The new confined space standards are now effective, and as of October 2, 2015, OSHA will begin enforcing the new standard. Are you ready? If not, we can help. We have updated our training to cover Subpart AA-Confined Spaces in Construction 1926.1200-1213, which replaces OSHA construction standards sections 1926.21(b)6). Additionally, our other construction safety trainings that cover confined space, such as OSHA 10 and 30 Hour Construction, have been updated to include the new standard.
In the new standard, there are new specific definitions and responsibilities for the “Host Employer”, “Controlling Contractor”, and “Entry Employer”. Subpart AA defines these roles as:
Host Employer: means the employer that owns or manages the property where the construction work is taking place. Note. If the owner of the property on which the construction activity occurs has contracted with an entity for the general management of that property, and has transferred to that entity the information specified in §1203(h)(1), OSHA will treat the contracted management entity as the host employer for as long as that entity manages the property. Otherwise, OSHA will treat the owner of the property as the host employer. In no case will there be more than one host employer.
Controlling Contractor: is the employer that has overall responsibility for construction at the worksite. Note. If the controlling contractor owns or manages the property, then it is both a controlling employer and a host employer.
Entry Employer: means any employer who decides that an employee it directs will enter a permit space. Note. An employer cannot avoid the duties of the standard merely by refusing to decide whether its employees will enter a permit space, and OSHA will consider the failure to so decide to be an implicit decision to allow employees to enter those spaces if they are working in the proximity of the space.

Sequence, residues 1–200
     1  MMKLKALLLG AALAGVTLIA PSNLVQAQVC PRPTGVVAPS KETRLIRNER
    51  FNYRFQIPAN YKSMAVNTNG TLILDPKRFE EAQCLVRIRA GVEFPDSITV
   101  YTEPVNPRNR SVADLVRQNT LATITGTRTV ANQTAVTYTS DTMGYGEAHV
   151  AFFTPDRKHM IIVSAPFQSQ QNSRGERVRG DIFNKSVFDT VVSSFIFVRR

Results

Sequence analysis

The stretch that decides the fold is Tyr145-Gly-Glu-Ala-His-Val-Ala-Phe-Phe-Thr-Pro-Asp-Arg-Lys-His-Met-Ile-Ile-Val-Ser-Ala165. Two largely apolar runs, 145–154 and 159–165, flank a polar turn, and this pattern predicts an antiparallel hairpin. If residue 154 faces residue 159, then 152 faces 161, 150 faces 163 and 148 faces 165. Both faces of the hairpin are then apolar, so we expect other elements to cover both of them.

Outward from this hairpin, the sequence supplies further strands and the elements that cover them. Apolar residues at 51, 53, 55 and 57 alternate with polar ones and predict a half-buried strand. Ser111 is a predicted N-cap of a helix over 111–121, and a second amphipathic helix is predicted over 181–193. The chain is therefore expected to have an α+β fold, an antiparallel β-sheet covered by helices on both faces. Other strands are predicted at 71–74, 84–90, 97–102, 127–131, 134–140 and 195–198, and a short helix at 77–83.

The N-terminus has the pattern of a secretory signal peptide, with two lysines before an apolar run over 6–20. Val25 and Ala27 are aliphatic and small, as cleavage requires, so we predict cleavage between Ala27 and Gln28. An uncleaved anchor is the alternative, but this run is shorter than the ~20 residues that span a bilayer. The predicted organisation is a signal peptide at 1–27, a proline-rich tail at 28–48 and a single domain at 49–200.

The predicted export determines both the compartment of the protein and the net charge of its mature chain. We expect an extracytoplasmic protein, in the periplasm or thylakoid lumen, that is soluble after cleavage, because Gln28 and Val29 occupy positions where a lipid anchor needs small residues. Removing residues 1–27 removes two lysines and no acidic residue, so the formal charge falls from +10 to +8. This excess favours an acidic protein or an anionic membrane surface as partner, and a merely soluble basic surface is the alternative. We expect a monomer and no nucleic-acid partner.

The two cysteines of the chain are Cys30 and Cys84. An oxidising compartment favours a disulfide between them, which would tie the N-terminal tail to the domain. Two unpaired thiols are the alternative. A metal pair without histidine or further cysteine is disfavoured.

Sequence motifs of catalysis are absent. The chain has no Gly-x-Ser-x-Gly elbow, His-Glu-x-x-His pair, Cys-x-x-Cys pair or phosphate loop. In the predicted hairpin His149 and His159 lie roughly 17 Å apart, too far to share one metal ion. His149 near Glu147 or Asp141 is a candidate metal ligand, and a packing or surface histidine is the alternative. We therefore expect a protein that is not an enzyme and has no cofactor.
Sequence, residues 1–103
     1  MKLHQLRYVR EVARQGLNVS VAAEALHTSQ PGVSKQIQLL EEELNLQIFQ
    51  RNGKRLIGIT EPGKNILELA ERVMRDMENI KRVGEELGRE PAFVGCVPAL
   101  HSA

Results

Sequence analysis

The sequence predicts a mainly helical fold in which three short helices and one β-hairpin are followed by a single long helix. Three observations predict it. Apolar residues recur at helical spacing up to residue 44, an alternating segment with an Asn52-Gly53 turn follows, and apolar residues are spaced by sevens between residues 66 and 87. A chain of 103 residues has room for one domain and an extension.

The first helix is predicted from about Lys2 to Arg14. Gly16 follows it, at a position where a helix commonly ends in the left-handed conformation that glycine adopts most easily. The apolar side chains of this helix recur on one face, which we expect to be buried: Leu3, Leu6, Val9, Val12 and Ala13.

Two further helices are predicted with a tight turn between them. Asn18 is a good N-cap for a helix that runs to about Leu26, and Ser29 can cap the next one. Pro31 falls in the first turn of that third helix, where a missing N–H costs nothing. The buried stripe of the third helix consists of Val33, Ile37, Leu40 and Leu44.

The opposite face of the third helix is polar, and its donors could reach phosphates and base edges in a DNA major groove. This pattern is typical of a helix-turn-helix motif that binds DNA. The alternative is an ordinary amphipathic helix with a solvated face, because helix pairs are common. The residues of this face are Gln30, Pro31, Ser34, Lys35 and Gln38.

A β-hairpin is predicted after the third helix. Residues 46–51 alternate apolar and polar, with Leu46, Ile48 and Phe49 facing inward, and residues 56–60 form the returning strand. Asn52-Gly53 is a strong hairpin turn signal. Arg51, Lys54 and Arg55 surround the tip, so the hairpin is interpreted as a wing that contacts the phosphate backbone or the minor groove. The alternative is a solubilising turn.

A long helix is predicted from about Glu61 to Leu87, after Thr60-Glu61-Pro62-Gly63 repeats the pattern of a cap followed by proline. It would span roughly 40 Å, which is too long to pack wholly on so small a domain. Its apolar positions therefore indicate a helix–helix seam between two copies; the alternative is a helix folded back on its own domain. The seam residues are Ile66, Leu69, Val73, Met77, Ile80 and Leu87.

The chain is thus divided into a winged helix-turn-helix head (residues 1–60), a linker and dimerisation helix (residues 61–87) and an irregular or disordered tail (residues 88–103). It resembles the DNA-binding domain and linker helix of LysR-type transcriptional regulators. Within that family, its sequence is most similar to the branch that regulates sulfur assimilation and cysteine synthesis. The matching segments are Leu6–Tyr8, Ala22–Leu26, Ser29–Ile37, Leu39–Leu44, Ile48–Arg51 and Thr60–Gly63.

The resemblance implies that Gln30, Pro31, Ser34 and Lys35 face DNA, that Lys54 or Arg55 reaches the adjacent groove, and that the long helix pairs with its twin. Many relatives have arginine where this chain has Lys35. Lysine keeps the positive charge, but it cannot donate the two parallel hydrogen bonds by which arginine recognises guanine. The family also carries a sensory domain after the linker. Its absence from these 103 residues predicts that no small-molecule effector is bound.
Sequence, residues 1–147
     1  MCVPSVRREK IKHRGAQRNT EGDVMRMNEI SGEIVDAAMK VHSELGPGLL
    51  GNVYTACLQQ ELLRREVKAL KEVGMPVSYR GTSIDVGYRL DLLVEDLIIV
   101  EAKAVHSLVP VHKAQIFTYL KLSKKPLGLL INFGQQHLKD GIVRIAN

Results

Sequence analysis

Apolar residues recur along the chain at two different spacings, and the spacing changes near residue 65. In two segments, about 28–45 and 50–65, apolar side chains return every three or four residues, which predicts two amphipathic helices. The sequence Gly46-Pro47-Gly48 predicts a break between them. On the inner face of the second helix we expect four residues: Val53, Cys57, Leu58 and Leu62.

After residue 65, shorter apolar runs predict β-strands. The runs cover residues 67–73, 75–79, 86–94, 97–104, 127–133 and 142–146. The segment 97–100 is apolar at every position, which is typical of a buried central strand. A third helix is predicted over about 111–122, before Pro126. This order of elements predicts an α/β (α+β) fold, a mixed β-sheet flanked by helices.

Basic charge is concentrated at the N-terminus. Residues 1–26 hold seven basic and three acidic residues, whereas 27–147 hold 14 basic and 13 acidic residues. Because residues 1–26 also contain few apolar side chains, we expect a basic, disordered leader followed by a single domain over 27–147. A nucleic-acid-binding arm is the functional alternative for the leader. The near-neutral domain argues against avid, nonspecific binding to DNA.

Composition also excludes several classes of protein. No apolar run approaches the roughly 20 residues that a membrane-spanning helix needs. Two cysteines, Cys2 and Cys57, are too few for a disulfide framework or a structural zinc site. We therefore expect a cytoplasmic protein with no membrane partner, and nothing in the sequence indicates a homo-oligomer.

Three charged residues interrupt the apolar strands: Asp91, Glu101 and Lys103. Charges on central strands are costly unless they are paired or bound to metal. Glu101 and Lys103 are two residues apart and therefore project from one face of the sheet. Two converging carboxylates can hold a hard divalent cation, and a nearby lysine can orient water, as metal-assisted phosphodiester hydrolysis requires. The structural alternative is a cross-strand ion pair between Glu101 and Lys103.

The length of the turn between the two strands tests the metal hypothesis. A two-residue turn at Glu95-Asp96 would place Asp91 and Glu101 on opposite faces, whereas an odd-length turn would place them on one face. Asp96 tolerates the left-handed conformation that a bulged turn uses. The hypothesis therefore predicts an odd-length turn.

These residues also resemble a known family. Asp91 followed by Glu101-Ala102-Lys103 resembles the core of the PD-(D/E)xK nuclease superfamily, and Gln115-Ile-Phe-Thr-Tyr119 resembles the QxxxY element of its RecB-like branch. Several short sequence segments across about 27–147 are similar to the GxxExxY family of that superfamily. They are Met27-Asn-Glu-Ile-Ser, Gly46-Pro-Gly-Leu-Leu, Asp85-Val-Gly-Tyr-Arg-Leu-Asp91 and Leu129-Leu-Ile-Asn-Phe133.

The definition of a confined space has not changed. According to the standard, a confined space is defined as:
(1) Is large enough and so configured that an employee can bodily enter it;
(2) Has limited or restricted means for entry and exit; and
(3) Is not designed for continuous employee occupancy.
Our 8-hour training covers the new (and unchanged) definitions in the updated confined spaces standard for construction, and what responsibilities come with each role as defined by OSHA. We also cover the elements of a written confined space entry program, the requirements for permit programs and the permit system, signage requirements and more.
If you are a contractor in the MA, RI, CT, NY or NJ area and want to stay up to date on the latest in confined space entry standards, or any other aspect of OSHA compliance, call our staff to schedule a training our consult at (866) 399-1698. We can come to your location to train your staff.
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